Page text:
We have calculated that we need at least 2660 SL (expanded) for the flight. In addition, the last 20 bars (400 SL) cannot be used because by then there is pressure balance between the DPR tank and the fuel tanks. If we calculate the 2660 expanded SL to pressurized SL via our 65% utilization estimate and add 400 SL, we’ll need the tank at lift off to contain minimum 4500 SL, equivalent to 225 bars. From the graphs we see that we won’t hit that level before around 100 hours after pressurization. Note, however, that the last pressurization was at 23 hours, so we have approx. 75 hours from pressurization of the DPR tank until liftoff.
That means we can pressurize the DPR tank on the day before and even though we will lose some, we still have lots of helium on board for the launch
Mads Barnkob · 3rd June 2018 at 10:18 pm
It is all compromises, but how dangerous is leaking helium in a matter of safety/unwanted explosions?
I can only related it to my highly experimental high power electronics hobby, here it is just a saying that anything below 10 Ampere is just leakage current 😉
Sebastian · 3rd June 2018 at 11:06 pm
Given that helium is completely inert, there should be no explosion risk. I’d still be concerned given the price of helium however..
Thomas Pedersen · 5th June 2018 at 12:01 am
There is no danger about the leaking helium. It is only a matter of how fast it leaks. If it would leak 100 bar over night we would have an operational problem in the sense that we would need to drag the compressor out to sea and re-pressurerize the DPR tank right before lift off.
Mark Bergseid · 3rd June 2018 at 10:50 pm
Regarding the delta T; Why not use a heat exchanger (or sink) as the He passes from the He tank to the LOX/EtOH tanks. You guys must have thought of this, but I’m curious as to the answer. There is an obvious heat source. How many seconds is the burn, and what deltaQ/t do you need?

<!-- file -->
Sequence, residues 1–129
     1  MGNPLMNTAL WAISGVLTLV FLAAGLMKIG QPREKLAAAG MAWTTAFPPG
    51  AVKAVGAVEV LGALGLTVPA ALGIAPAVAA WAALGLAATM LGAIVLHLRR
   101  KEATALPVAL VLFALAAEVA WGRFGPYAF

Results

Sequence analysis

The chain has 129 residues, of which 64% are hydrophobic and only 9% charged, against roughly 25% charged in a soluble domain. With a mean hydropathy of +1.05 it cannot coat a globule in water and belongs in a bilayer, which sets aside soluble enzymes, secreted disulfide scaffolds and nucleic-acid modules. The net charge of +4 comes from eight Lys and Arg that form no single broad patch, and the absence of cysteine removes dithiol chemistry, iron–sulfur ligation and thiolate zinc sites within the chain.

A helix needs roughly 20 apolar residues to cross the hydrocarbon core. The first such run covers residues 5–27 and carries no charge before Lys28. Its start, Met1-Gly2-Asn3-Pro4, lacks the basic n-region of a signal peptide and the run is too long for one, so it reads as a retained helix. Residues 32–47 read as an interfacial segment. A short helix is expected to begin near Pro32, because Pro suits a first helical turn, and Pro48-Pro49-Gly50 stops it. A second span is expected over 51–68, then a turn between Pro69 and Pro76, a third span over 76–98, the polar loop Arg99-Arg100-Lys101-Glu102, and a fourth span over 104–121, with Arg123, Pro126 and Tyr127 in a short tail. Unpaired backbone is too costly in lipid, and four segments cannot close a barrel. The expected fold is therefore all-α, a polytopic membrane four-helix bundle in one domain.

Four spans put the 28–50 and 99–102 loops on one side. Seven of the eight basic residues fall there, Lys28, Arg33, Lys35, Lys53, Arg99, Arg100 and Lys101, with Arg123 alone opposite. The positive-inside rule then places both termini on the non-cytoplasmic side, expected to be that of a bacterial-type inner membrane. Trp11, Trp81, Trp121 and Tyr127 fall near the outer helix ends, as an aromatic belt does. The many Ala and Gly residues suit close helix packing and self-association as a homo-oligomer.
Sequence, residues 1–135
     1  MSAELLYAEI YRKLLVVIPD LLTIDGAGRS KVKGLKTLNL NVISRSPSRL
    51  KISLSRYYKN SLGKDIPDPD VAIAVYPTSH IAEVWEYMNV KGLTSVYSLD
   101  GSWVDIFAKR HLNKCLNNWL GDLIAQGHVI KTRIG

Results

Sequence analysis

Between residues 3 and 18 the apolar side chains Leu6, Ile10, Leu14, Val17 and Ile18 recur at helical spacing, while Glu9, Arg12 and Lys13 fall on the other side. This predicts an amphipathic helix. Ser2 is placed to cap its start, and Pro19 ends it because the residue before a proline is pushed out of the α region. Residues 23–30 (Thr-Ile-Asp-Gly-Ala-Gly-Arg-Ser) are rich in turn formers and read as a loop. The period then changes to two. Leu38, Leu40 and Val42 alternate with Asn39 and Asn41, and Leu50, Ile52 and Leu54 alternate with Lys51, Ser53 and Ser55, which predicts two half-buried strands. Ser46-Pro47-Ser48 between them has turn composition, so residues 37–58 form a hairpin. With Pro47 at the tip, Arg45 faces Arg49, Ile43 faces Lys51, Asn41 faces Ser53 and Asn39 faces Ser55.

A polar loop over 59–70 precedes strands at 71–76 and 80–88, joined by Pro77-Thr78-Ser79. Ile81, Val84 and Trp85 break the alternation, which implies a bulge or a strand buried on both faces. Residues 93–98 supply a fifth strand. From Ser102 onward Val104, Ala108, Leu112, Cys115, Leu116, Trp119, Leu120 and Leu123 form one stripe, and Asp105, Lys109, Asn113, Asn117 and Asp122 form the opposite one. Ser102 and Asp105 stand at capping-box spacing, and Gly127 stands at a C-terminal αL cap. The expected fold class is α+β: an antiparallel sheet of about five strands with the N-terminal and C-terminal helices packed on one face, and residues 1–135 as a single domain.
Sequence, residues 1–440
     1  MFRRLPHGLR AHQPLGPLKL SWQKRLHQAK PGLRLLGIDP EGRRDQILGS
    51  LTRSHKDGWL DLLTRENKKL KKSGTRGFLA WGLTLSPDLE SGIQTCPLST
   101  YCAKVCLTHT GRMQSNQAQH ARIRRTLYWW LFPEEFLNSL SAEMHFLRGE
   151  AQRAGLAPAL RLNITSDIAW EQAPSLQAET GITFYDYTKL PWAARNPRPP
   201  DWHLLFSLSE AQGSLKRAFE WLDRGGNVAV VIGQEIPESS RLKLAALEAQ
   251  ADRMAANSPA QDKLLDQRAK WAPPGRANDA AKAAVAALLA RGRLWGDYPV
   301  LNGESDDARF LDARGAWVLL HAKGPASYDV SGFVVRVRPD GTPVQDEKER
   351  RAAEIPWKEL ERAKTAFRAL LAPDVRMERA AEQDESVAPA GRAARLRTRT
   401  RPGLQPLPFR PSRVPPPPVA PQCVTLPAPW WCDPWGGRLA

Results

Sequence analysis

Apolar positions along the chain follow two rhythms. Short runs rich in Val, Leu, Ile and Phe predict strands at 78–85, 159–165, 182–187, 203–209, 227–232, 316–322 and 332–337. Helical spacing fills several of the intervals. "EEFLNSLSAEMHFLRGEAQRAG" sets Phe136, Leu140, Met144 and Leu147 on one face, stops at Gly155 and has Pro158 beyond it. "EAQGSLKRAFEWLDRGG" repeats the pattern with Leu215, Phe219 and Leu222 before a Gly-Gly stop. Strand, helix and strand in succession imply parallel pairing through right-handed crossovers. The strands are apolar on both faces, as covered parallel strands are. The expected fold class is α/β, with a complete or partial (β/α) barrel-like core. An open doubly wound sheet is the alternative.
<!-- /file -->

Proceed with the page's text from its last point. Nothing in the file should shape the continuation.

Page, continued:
Thomas Pedersen · 5th June 2018 at 12:06 am
The “right way” to use onboard helium is to store it as cold as possible, run it through a heat exchanger around the engine and introduce hot helium into the propellant tanks.
On several large launch systems the helium tanks are stored inside the LOX tank, thus the helium is at LOX temperature. And then it is heated by passing a heat exchanger on the turbo pump gas generator.
We deemed it too complicated for Nexø but we might try some sort of heat exchanger on Spica/BPM100.
christian gibson · 7th June 2018 at 9:38 am
I just read that you are having problems detecting leaking from the DPR tank. It occurred to me that tank leakage must be a major problem for fuel stations. There has been a lot of research on detecting sources of leakage from gas tanks. I found this information: https://www.astm.org/DIGITAL_LIBRARY/STP/SOURCE_PAGES/STP1161.htm Unfortunately they charge for the PDF documents containing their research findings on gas leakage detection technology. But maybe this is worth your while to check out further, if their information is not already known to you? Good luck!
Rasmus Ragdestein · 12th June 2018 at 7:54 pm
I’m a bit unsure if we can compare our issue with that of a gas station. Without detailed knowledge of gas stations I don’t think they run at as high pressure as we do.
But thanks for the input.